There are many moms out there who bottle-feed their babies. Maybe formula is the right choice for them and their babies. Maybe they tried to breastfeed and couldn't. Maybe it's no one's business. But that doesn't stop people from commenting!
Just like breastfeeding moms who must endure ridiculous commentary from strangers, bottle-feeding moms also get their share of completely insensitive remarks. You might be stunned at what people have the nerve to say to moms who are just trying to feed their infants. Mom Marci M. sums it up in one sentence. "I bottle-fed both my kids. Boob Nazis were harsh."
Mariana O. knows all about that. She struggled to nurse and didn’t need any input from strangers. But still, she got it. She tells us, "I bottle-fed because my baby would not latch on and someone said, 'What if you were on an island and couldn't get formula?' I said 'then my baby would starve to death.' It was a nice exchange."
Jessica R. bottled-fed because of latching and milk-production issues. She pumped for 10 months and supplemented with formula. She was on the receiving end of some unsolicited commentary, too — but it wasn't from a stranger. "So there I was, sitting at my desk at work (the baby was with me for the day) feeding my baby the last bottle of breast milk I'd ever feed her, feeling heart-wrenching guilt over the whole thing, when this nosy, busybody, annoying co-worker of mine walks in and starts in on the whole, 'You should really be breastfeeding that child; it's really so much better for her.' Remember, at this point, the child is already 10 months old so her 'advice' was a tad late anyway," she recounts.
Did the co-worker stop there? Oh, of course not. "Then, she launches into her favorite retelling of how, when she was younger, she had sooooooo much milk that she breastfed not only her child, but the children of two other women in her Russian village. I'm sure they appreciated her just as much as I did," Jessica says.
Lea F. also has no room in her life for judgy moms. "I was in a play group with a new mother who had recently adopted a baby from China. While she was bottle-feeding her child, I overheard another mother tell her, 'If you ever do have your own baby, it's best to breastfeed.' We both packed up our bottles and left!"
There’s a lot of public shaming about giving infants formula. The implication seems to be that somehow these moms don't want a smart or healthy child, which (of course) is ludicrous. Catherine M. got that message from a woman who had the gall to say to her, "I mean, it's just a shame [that you bottle-feed], because breastfed children end up with so many more advantages in life."
Issa D. was told, “that I shouldn't have had children since I obviously didn't love them enough. Also that it was really sad that I wanted stupid, obese children.”
Single mom Becky S. actually had someone say to her, "Oooh, you're not breastfeeding? Like ever? Oh. OK. I'm sure he'll be fine."
Julie B. got shade thrown at her too. "You think maybe she [the baby] has a reflux problem because you're not breastfeeding?" someone asked.
Tessa C. had to bottle-feed because her son was lactose intolerant and needed soy milk. "I was told I was doing him a disservice, and babies weren't meant to have that. And I was like hmmmm... the alternative is 12 months of a miserable and sick child. I don't think so."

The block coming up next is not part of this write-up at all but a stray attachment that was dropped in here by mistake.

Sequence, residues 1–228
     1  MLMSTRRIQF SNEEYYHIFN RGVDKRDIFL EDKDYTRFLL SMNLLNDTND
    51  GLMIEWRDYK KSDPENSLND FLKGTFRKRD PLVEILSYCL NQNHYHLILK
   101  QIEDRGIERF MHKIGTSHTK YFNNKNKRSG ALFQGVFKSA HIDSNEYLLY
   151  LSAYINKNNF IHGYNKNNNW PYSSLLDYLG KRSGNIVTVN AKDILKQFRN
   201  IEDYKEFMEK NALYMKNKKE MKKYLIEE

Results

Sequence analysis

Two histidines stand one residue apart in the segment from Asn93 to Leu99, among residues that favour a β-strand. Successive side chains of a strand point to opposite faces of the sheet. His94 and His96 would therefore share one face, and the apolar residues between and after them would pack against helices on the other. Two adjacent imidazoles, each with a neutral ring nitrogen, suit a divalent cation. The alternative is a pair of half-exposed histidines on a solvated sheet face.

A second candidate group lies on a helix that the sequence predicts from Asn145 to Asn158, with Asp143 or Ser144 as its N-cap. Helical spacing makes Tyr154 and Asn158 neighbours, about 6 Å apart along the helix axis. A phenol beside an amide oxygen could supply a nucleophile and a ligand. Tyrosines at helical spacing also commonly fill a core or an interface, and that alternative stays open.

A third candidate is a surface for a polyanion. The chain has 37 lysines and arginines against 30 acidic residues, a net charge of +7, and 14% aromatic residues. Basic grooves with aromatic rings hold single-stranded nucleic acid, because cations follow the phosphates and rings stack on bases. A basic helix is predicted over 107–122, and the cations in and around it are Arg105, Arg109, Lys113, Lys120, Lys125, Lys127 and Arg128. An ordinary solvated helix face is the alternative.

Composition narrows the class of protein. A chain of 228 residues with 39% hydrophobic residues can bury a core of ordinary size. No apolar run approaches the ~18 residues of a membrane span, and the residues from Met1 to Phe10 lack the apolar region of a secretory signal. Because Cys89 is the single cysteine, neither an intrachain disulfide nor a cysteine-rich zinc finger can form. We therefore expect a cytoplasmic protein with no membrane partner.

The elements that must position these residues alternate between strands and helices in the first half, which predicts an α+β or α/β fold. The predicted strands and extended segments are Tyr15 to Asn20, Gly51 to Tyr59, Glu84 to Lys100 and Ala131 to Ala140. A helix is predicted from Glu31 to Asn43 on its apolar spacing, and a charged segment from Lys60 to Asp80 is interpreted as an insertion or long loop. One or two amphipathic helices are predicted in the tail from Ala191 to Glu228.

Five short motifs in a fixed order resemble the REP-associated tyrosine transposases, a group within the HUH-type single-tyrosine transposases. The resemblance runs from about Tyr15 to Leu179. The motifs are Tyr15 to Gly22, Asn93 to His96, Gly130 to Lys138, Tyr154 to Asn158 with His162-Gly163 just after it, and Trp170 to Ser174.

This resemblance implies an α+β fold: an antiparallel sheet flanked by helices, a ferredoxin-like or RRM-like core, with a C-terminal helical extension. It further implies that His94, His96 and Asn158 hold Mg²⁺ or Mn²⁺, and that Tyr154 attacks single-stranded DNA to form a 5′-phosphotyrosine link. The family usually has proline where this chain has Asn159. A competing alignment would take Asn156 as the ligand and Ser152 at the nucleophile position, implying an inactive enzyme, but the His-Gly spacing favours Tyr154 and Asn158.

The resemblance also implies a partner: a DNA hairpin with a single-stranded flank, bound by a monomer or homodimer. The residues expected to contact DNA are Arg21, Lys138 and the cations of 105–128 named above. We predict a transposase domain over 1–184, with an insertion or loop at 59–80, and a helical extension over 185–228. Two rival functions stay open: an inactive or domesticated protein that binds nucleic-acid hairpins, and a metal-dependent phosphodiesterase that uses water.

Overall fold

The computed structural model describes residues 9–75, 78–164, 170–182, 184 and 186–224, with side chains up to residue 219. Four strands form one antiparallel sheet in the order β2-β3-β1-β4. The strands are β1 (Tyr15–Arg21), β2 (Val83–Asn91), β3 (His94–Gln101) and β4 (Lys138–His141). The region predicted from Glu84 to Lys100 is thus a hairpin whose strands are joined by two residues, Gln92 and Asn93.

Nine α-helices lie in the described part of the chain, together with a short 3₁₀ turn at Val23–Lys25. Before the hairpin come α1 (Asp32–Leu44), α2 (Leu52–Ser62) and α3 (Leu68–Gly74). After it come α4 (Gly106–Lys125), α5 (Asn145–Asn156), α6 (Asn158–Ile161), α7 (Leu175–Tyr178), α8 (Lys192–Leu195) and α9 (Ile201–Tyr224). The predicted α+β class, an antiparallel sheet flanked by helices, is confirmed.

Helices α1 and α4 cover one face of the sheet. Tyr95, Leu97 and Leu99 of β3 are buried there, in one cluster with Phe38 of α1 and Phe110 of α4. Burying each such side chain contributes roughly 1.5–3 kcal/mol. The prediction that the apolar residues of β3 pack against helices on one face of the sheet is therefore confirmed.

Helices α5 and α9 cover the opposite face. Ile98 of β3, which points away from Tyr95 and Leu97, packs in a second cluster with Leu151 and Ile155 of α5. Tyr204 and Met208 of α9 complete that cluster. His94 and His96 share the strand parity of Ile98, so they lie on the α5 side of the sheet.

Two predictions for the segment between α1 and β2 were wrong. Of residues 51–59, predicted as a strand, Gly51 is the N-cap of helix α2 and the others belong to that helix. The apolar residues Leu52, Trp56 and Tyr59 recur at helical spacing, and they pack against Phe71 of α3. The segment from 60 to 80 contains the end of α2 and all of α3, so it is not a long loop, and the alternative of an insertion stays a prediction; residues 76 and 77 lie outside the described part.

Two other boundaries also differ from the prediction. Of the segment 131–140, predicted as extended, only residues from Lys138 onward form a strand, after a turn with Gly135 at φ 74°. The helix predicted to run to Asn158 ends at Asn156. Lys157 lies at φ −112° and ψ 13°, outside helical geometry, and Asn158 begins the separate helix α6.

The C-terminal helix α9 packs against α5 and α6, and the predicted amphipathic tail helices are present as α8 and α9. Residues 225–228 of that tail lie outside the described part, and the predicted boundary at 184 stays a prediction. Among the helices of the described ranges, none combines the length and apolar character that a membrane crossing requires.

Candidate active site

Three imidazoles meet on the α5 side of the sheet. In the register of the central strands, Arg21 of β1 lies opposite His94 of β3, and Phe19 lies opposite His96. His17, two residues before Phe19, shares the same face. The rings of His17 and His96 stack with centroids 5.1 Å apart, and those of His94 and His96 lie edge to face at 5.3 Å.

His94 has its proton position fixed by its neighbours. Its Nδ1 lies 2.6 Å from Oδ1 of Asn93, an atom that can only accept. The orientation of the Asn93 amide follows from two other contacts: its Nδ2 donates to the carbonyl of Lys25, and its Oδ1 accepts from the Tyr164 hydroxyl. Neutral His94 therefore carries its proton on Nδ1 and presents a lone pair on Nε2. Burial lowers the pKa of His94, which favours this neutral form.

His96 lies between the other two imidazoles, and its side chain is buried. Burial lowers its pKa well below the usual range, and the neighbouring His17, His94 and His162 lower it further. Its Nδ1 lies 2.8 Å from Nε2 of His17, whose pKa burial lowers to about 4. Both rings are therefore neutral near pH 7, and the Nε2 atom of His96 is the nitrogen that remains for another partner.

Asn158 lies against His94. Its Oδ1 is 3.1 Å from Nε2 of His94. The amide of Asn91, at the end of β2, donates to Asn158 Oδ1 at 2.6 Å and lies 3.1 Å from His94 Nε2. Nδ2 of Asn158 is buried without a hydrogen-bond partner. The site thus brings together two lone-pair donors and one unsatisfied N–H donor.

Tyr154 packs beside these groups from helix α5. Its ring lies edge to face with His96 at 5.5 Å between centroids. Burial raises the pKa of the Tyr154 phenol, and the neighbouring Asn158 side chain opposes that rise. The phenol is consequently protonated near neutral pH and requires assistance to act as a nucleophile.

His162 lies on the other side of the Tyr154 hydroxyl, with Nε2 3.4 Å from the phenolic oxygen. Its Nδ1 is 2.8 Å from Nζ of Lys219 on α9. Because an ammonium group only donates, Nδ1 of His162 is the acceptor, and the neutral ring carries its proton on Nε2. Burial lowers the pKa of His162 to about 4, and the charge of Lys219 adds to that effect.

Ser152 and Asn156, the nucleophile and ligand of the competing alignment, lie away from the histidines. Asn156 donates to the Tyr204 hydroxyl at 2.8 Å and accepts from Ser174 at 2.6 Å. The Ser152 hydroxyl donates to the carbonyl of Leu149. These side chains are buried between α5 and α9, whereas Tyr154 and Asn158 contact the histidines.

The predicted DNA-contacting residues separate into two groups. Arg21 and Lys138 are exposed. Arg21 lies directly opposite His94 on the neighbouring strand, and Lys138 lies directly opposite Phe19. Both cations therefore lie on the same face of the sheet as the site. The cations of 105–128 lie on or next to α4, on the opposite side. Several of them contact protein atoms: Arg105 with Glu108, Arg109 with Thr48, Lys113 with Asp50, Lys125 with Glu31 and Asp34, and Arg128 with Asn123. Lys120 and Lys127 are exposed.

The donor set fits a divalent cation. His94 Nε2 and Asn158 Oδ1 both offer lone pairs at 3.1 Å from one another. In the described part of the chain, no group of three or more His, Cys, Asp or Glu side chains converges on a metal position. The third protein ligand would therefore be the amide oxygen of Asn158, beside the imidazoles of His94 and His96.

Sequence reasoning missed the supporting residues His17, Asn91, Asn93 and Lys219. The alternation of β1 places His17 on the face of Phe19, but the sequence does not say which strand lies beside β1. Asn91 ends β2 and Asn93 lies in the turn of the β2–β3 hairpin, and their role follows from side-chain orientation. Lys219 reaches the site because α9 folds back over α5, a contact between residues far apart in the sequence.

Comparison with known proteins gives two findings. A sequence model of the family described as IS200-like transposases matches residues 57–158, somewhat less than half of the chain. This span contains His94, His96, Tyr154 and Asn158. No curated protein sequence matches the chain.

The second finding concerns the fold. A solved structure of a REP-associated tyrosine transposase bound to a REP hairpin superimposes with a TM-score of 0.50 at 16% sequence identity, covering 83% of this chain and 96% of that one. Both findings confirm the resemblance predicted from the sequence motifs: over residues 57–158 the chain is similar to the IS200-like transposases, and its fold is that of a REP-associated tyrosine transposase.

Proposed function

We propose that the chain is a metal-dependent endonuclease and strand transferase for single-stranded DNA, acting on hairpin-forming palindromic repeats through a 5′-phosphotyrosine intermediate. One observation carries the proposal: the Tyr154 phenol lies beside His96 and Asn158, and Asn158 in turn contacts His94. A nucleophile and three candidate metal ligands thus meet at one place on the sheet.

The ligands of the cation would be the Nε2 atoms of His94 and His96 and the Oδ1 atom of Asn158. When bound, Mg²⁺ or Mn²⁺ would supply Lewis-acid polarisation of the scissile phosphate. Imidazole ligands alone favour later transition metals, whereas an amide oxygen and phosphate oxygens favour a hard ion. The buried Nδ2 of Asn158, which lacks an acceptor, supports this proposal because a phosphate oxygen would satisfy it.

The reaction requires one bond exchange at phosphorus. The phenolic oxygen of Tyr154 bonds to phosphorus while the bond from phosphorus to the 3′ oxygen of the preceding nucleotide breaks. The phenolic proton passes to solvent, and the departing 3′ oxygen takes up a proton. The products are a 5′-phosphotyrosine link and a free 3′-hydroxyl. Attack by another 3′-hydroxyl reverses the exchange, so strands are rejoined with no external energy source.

Strangers can be cruel, but sometimes, it's the things friends say that crush us the most.
Leah M. couldn't breastfeed because of her own health issues. And she heard just about everything. "'He's going to do poorly in school' (lots of variations on the low IQ/stupid theme). 'He's going to have allergies.' 'He's going to get ear infections all the time.' 'He's going to be sick with other things all the time; how can you subject your baby to that?' 'He won't bond with you.' That one really pissed me off. 'You're going to suffer from postpartum depression if you don't breastfeed.' Those comments came from close friends and co-workers — and I worked in a hospital!"
Cherie W. wasn't supplying enough milk and her baby was losing weight. She says, "I started formula on doctor's orders, and friends still advised against it. 'Once she starts on the bottle, she'll never go back.' I risked it versus starving my baby."
Beth B. did everything she could to produce enough breast milk for her twins, but once they were 3 weeks old, she needed to supplement with formula. But she encountered a problem. "One of my twins threw up every time we gave him formula — so I had to make the terrible choice of only feeding one twin breast milk — and the other formula. I was like many new moms, petrified that my son would miss out if he was formula-fed. And then the other moms in my mom groups kept saying, 'Babies need breast milk for six months or else they will get allergies.'"
So, what happened?
"Both twins were fine! There is so much misinformation out there. Funny enough, the twin that had formula (after the first three weeks) has no allergies, but my breast milk twin has allergies."
The truth is, moms are doing everything they can to take the best possible care of their babies. So if you see a mama bottle-feeding or breastfeeding or just wolfing down three chocolate croissants herself because she's so darn hungry and tired, don't raise your eyebrows or chime in with warnings or opinions. Just smile, and say, "Congrats on your beautiful baby!"
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